Flow: For Love Of Water

Flow: For Love Of Water


Reviewed by: Val Kermode

Who is controlling the world’s water supplies?

That is the question, or rather one of the questions, posed by this eye-opening film.

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First, the question of pollution. Two million children die every year of waterborne diseases. Worldwide, water pollution is a greater threat than Aids or war. In poor communities raw sewage is pumped into rivers, often containing toxic chemical waste, as in the city of La Paz, Bolivia.

In the US, water is contaminated by rocket fuel, released without treatment into rivers and affecting several of the south-western states. Don’t think you can escape by drinking bottled water. These pollutants can enter through your skin when you take a shower. And who monitors the quality of bottled water anyway? The answer is not reassuring.

What this film shows, by visiting communities around the world, is that issues of pollution are often intrinsically linked to issues of ownership. This is the scenario: people need access to clean drinking water. A large multinational company such as Suez or Bechtel promises to install purification plants and pipes to deliver it. But people have to pay for it upfront,often by using a card or token which literally turns on the tap. Many people simply can’t afford it, so are forced to return to using river water, now further polluted by waste from said multinational.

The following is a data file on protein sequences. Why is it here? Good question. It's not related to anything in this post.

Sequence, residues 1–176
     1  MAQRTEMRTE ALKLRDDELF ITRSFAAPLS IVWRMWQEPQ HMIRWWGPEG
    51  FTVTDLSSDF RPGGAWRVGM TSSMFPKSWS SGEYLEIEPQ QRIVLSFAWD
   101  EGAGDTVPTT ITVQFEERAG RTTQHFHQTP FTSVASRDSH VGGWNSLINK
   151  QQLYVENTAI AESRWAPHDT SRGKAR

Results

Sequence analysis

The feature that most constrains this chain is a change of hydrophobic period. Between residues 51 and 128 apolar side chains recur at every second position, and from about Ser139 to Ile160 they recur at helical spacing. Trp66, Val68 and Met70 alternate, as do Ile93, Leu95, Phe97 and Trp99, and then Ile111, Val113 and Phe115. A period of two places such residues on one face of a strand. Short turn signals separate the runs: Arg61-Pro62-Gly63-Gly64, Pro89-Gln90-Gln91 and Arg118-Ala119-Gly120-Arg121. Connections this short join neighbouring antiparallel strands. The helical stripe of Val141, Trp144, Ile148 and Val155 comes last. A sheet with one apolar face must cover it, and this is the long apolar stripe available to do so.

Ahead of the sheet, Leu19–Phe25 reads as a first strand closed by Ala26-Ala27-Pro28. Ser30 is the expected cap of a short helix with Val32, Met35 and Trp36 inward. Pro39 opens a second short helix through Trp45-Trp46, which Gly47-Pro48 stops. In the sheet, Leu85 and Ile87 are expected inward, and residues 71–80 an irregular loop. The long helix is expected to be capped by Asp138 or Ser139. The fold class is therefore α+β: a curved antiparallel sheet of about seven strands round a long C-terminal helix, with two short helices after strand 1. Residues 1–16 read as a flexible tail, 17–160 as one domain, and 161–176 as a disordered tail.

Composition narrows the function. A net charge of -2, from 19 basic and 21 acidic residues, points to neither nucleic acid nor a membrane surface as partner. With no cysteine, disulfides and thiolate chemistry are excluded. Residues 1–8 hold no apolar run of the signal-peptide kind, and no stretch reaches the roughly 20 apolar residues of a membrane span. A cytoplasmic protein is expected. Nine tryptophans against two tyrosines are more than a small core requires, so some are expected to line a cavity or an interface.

A spokesman for one of these companies points out that while water, like air, is free, if people want it cleaned and piped they have to pay for it. So perhaps this is an issue for government. Unfortunately governments around the world are reaching agreements with the private companies whereby a condition of delivering the clean water is that locally installed systems are turned off, leaving people with no choice.

As water runs out – only 20 years left for California, 10 for New Mexico (busily creating golf courses) – the multinationals buy up water services. So will only the rich be able to afford water?

From Bolivia to South Africa to India there is grassroots opposition, led by some impressively articulate people interviewed in this film. The people of La Paz have succeeded in getting back control of their water supply. In India a small scale UV filtration plant is run by locals to produce affordable water. In Africa, charity installed “playpumps” provide an innovative way of gaining access to water. The answer to lack of water seems to be – small scale is better. Just showing people how to collect rainwater from roofs and store it in basement tanks can make them less dependent on large schemes.

The latter part of the film deals with another rage-inducing issue. In Michigan, Nestle is helping itself to water, which it then bottles and sells making multi-million dollar profits. Despite being taken to court by locals who are losing their supply, Nestle has been allowed to continue, as has Coca Cola in India.

A very engaging film, not without its lighter moments, and one which deserves a wider audience.

Reviewed on: 07 Nov 2008
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Examination of the global water crisis.
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Director: Irena Salina

Year: 2008

Runtime: 93 minutes

Country: US

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